• Zoloft
  • Prozac
  • Paxil


There are many more brands and versions of SSRIs that are commonly prescribed, and all of them can put patients at risk for Akathisia. Unfortunately, this side effect is often not discussed with patients, nor is the risk of Akathisia itself.

What Does Akathisia Feel Like?

Akathisia is not a comfortable condition, and it affects everyone differently5. There are several different ways in which the condition has been described, but in general, it is a feeling of extreme restlessness. Some people report feeling “like they’re going to jump out of their skin,” while others simply feel fidgety or restless. Many people get the uncontrollable urge to move their legs or feet in some way, and some even make involuntary vocal sounds such as moans or grunts. There is a feeling of helplessness and lack of control when suffering from Akathisia. Many people are deeply embarrassed by their involuntary movements. For long-term sufferers, there has even been an increased risk of suicidal thoughts and behaviors.

Is Akathisia Reversible?

Not everyone who takes medications will experience Akathisia symptoms, but many will. For those who experience it immediately after beginning medication, the symptoms generally subside within six months or so. Tardive Akathisia occurs after this time and can last any length of time. In some cases, Akathisia is even chronic, meaning that it occurs for a long period of time (6 months or more) and shows no sign of stopping. For many people, the symptoms go away at some point after stopping a medication that causes the condition.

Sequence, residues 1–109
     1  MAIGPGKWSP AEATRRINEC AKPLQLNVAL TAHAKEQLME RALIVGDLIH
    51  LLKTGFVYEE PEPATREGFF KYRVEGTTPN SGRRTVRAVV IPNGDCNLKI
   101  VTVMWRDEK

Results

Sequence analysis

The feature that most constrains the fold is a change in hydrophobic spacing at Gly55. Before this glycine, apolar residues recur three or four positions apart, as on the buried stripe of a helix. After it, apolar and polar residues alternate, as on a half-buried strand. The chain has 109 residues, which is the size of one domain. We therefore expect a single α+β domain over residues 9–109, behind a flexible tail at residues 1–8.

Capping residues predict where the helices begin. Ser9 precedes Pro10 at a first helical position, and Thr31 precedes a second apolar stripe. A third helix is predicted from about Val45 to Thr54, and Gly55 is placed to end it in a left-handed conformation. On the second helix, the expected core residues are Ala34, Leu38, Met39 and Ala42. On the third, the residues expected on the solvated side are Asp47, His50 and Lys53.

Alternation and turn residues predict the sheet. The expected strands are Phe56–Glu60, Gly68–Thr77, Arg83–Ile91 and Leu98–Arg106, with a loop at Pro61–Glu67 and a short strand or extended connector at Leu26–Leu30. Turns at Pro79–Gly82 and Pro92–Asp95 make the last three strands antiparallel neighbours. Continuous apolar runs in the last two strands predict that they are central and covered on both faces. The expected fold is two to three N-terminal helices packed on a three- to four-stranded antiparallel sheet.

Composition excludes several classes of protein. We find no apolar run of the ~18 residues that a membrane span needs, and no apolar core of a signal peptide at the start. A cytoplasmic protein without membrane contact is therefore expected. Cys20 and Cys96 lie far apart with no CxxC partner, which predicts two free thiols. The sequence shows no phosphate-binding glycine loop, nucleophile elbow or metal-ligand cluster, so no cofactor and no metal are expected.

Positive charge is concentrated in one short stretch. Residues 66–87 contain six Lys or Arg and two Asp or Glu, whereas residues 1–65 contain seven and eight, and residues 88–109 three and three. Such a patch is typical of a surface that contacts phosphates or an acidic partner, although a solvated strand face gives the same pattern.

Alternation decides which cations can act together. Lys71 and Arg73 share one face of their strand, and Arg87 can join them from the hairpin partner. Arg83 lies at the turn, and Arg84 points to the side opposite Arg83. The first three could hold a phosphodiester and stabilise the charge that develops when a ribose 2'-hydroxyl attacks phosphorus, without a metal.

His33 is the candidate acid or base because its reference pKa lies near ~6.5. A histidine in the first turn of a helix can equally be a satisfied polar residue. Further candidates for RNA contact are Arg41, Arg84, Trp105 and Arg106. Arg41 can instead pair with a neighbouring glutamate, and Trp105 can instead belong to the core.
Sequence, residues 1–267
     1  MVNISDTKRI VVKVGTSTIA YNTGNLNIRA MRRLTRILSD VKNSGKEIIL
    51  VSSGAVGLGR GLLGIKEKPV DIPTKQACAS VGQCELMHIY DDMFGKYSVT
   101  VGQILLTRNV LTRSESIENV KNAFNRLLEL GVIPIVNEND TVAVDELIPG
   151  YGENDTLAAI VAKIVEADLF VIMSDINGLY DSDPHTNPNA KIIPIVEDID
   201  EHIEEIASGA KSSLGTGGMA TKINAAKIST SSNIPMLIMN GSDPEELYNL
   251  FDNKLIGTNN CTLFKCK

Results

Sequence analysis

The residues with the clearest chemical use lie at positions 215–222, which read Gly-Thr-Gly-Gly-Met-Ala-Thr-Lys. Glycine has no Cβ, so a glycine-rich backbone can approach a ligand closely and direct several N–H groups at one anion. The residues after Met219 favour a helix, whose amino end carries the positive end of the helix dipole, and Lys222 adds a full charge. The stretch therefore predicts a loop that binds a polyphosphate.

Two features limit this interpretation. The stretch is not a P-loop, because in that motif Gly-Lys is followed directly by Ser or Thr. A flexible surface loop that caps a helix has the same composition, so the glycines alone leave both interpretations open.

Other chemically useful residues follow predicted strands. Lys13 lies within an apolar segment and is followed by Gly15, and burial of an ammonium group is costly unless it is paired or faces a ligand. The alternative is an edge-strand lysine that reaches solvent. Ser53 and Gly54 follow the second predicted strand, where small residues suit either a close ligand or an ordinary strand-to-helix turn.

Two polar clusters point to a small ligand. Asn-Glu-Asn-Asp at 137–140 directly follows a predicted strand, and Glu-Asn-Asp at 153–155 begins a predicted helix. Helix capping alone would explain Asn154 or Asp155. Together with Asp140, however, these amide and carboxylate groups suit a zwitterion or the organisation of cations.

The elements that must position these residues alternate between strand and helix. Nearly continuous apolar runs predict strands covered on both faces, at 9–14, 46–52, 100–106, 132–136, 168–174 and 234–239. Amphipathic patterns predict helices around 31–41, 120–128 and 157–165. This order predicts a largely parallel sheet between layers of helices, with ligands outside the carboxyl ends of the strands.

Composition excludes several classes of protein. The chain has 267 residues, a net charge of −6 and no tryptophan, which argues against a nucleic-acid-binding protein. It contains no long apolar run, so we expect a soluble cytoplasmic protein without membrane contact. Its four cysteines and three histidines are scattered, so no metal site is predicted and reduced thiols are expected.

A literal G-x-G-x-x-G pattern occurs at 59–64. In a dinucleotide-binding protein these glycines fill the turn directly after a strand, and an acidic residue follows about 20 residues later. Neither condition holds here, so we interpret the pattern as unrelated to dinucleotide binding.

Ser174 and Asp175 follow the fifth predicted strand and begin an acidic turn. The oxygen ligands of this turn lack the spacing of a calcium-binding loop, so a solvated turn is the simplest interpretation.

Antipsychotic Medications and How They Work

It is easier to understand why Akathisia occurs when we look at what antipsychotic medications are meant to do. The human brain has many hormone receptors that take our brain’s chemicals and ensure that they are properly distributed. This entire system is more involved, but it is important to note the receptors specifically. Our brain has four main hormones that keep us functioning properly: Serotonin, Glutamate, Dopamine, and Norepinephrine. Mental illness occurs when one or many of these hormones are not reaching the correct areas of the brain in the correct ways. Mental health medications are meant to help the hormones get to the correct places when the brain is not doing this process efficiently or correctly. Antipsychotic medications deal specifically with Dopamine and Dopamine receptors. In many cases, Antipsychotic drugs try to block receptors to make psychotic episodes less likely.

Dopamine’s Effect on the Brain

Most people associate Dopamine with happiness. While this is partially true, it does not paint the whole picture of the hormone’s purpose. While Dopamine does focus on our pleasure centers and reward systems, it also helps to target things like emotions and impulses. Most importantly, Dopamine is key in maintaining muscle control. If we don’t have enough Dopamine, our body can feel lethargic.


Low levels of Dopamine can lead to conditions such as Parkinson’s, which affects a person’s movement. On the other end, too much Dopamine can be harmful as well. High levels of Dopamine can have an effect that is similar to that of amphetamines. This classification of drugs includes prescriptions such as Ritalin and Adderall.

Dopamine and Akathisia